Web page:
Today I am welcoming Alanna Irving in to the Indie Spotlight!
Alanna (rhymes with Hannah) was born and raised in Nottingham, England. After completing a Bachelors degree in Classics at Christ’s College, Cambridge, she lived and worked in Sydney, London and Nottingham before moving to Barcelona to do a Masters in International Relations.
She now works at the Euro-Mediterranean Economists Association in Barcelona, implementing EU-funded projects in economic development in the Southern Mediterranean. She speaks Spanish, is learning Catalan, and enjoys travelling (when COVID allows), scuba-diving and salsa-dancing.
Hi Alanna! What made you decide to publish your books independently? What was your path to publication
I think, like a lot of writers, I had always had the dream of contacting an agent, being taken on, forming a best-friend/fiercest-advocate type relationship and soaring to success. Obviously the ratio of writers to agents, and of books written to books published, means that that was never likely. There’s a lot of prestige and a certain validation that comes from the traditional publishing model, so I always stayed away from the idea of self or independent publishing before. But I think that kind of snobbiness isn’t necessarily helpful for the industry and as a business model it’s becoming more and more outdated. A lot of art forms are moving away from these kinds of gate-kept models and towards a more “democratic” way of getting content to audiences – look at Spotify and YouTube, for example.
I wrote Abolish the Rose a few years ago, and hadn’t managed to get anywhere with it. I actually started writing a different book last year, and I was really enjoying it, but Abolish the Rose was still niggling at the back of my mind – it didn’t feel like I was done with it. So, I left the new one half-finished, and went back to Abolish the Rose. I decided I felt it was a worthwhile enough book to take a chance on, to try something new with, and that I’d give indie publishing a go. It definitely felt like an experiment, and I went in with my expectations quite low, but it also felt really good to invest in myself and give myself that vote of confidence I hadn’t found elsewhere.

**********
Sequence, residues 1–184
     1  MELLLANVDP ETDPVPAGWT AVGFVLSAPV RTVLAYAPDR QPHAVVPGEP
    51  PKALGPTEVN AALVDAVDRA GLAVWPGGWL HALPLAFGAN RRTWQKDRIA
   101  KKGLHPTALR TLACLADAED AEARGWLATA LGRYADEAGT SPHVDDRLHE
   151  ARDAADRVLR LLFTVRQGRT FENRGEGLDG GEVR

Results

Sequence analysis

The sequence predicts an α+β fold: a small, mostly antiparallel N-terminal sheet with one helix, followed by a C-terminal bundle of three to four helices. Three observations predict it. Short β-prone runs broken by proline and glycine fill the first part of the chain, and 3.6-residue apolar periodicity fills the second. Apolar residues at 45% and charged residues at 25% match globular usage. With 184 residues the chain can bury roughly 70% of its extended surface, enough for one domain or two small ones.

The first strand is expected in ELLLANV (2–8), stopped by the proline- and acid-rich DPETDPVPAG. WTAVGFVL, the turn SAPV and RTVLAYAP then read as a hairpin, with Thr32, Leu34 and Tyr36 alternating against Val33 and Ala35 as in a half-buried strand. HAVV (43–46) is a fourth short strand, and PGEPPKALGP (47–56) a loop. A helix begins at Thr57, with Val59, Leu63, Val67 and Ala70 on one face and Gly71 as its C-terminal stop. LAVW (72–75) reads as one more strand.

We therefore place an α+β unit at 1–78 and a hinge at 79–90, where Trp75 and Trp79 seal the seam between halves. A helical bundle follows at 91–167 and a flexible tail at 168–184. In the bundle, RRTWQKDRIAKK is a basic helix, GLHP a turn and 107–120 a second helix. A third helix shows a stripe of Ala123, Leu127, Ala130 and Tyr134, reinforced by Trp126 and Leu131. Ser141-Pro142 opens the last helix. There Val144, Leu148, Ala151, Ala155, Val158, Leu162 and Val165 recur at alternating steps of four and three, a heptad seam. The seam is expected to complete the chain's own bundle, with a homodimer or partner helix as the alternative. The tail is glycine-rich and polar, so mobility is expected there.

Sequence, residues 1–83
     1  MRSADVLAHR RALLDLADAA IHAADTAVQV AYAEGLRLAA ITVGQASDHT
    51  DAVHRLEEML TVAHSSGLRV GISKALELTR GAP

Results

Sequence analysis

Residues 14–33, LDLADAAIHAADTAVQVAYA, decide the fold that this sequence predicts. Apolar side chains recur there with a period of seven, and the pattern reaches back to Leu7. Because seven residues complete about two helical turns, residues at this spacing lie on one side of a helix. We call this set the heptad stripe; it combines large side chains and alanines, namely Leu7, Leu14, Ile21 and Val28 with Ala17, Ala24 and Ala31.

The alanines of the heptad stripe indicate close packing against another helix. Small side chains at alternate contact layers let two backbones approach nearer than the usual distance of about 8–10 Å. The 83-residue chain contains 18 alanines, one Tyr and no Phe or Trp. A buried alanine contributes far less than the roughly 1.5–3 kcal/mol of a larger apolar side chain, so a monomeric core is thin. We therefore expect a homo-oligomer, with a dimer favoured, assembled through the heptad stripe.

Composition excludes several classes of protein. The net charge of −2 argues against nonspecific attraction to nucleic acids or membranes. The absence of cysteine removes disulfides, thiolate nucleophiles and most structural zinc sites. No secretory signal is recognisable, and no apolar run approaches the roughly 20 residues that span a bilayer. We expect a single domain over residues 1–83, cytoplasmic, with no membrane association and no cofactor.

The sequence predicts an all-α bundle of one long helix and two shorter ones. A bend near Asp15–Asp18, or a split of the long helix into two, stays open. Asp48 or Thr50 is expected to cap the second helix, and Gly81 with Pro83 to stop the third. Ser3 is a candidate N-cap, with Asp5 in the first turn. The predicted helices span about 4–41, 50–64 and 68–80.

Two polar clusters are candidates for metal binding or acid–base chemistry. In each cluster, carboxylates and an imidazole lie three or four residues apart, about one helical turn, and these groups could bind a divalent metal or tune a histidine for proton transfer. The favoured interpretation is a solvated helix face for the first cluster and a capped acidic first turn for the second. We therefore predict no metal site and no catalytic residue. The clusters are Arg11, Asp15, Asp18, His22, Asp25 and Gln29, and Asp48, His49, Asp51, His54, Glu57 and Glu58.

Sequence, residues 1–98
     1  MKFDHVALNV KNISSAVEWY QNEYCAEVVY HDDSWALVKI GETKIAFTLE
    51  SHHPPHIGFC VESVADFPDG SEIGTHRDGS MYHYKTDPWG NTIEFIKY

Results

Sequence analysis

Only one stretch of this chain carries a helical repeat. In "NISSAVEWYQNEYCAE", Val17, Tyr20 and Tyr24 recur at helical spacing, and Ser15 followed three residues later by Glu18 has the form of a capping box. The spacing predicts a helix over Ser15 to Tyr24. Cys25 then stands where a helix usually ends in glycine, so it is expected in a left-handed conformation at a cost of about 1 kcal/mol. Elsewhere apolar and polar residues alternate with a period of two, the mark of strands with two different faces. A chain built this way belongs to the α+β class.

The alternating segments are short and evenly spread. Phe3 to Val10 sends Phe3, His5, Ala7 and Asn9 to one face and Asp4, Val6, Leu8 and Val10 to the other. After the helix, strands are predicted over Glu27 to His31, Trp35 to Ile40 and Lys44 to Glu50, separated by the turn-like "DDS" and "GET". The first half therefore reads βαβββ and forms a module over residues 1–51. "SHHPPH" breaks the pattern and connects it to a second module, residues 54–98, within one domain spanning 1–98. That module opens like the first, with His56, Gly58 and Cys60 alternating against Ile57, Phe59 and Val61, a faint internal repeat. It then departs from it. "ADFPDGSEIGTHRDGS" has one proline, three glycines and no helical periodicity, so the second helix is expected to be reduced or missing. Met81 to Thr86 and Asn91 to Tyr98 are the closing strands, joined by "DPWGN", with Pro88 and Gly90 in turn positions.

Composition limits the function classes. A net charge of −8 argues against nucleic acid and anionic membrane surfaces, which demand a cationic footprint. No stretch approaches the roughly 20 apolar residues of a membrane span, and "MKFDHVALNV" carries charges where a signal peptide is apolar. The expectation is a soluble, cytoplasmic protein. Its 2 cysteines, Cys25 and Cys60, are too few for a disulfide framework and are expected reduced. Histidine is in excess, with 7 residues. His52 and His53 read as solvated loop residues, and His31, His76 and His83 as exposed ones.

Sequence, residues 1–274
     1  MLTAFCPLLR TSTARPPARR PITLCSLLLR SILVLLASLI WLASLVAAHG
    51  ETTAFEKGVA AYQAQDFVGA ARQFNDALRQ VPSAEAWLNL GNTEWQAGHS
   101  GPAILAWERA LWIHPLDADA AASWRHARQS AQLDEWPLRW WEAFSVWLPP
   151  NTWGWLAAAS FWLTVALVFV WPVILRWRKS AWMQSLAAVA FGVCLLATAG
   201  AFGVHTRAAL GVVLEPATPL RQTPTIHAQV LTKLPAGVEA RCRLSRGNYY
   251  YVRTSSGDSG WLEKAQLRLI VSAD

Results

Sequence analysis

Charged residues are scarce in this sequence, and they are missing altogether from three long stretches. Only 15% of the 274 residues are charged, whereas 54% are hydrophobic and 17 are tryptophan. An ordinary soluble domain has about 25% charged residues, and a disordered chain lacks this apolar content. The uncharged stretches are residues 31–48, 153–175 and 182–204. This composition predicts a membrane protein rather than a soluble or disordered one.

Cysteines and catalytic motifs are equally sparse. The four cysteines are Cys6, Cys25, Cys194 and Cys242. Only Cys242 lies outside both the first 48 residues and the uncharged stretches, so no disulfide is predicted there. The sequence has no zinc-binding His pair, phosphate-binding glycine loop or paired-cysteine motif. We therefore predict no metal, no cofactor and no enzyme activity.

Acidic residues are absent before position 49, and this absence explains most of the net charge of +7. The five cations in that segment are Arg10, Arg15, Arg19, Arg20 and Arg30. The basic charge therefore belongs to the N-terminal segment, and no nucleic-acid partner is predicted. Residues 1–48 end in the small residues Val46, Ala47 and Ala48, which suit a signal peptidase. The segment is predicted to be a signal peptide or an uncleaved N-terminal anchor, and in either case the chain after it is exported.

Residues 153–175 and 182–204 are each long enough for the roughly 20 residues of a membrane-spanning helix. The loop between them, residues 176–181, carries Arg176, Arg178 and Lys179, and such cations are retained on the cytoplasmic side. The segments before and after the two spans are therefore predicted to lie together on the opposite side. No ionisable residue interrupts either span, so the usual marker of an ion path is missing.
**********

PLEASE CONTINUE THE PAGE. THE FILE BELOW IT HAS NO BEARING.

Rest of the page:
What made you decide to write in your specific genre rather than other genres? Have you ever written in other genres?
I don’t tend to stick to one genre either in what I read or what I write – in both cases, it depends what grabs my interest. The first book I wrote was fantasy, the second historical fiction; I’ve tried a more suspense/crime one, and Abolish the Rose is more literary – it just felt like the right direction for the concept.
Do you only read the genre that you write?
Nope! I read a bit of everything, except romance and horror. I love contemporary fiction, fantasy, some sci-fi, historical… I just want a good story, well told.
What are you currently reading? Watching on TV? Is there a type of music you listen to for inspiration?
I’m currently reading Breasts and Eggs by Meiko Kawakami, and enjoying it so far. I’m watching the final season of Brooklyn 99, because I’d never seen it and I started watching it when I was in isolation with covid. I can’t listen to anything with lyrics while I’m writing, but sometimes I put on lo-fi electronic or drum ‘n’ bass because the beat keeps my momentum up. For inspiration though, I love piano music – the first time I listened to En Un’Altre Vita by Ludovico Einaudi, in a period of writer’s block in a novella, it inspired me so much I started re-writing the whole novella from the beginning. It came out in a completely different style and I loved it.
Do you have any advice for aspiring authors?
I think any advice I could give will sound clichéd. Keep writing. Be hard enough on yourself to keep improving, and soft enough on yourself to keep enjoying it.
In general I don’t think there are many rules for writing (or at least, for every rule, there are times when you could or should do the opposite) but one thing someone told me that I’ve personally found helpful is: if a scene doesn’t achieve anything – advance the plot, develop a character, something – get rid of it.
What are you working on right now and what can we look forward to seeing from you next?
At the moment my free time is going into promoting Abolish the Rose. Then I want to get back to the novel I started last year – it’s a retelling of a particular saga of Greek myth, in a world with no gods and no magic. Women in Greek myth often do things because a god makes them – I thought it’d be fun to see what happened if they could make their own decisions. I’d love to say you’ll see it next year, but it might take me a while!
Thank you so much for joining me today, Alanna. I wish you every success with your book!
Abolish the Rose
“Surely I have better things to do with my time.”
Camille Addison resents the hand life has dealt her. Enrolling in an evening class to distract herself from memories of frustration, she finds herself instead turning to face the tumult of relationships, loss and love that has led her to where she is.
Abolish the Rose, by Alanna Irving, takes us on a journey through the past in search of meaning in the present. Through a vivid catalogue of heart-warming and harrowing life experiences, we are drawn to question, along with Camille – how much control do we have over the path our lives take? Would we change the past if we had the chance? What is a life well lived?
Paperback: 324 pages
Publisher: Atmosphere Press
Released: 10 April 2022
Genre: Contemporary Fiction; Literary Fiction